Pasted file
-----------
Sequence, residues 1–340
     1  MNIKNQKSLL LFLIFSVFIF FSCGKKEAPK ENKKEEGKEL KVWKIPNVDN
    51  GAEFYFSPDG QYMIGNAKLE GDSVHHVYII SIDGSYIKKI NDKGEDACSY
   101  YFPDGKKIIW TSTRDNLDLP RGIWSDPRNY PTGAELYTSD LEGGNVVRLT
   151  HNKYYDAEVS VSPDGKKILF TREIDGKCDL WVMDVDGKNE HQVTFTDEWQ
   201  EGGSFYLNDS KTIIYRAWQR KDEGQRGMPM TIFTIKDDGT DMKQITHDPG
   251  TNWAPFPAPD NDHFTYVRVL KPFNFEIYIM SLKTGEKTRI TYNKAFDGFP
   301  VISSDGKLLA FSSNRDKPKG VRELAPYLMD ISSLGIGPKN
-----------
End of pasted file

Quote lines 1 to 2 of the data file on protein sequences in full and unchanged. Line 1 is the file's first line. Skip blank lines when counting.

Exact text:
Sequence, residues 1–340
     1  MNIKNQKSLL LFLIFSVFIF FSCGKKEAPK ENKKEEGKEL KVWKIPNVDN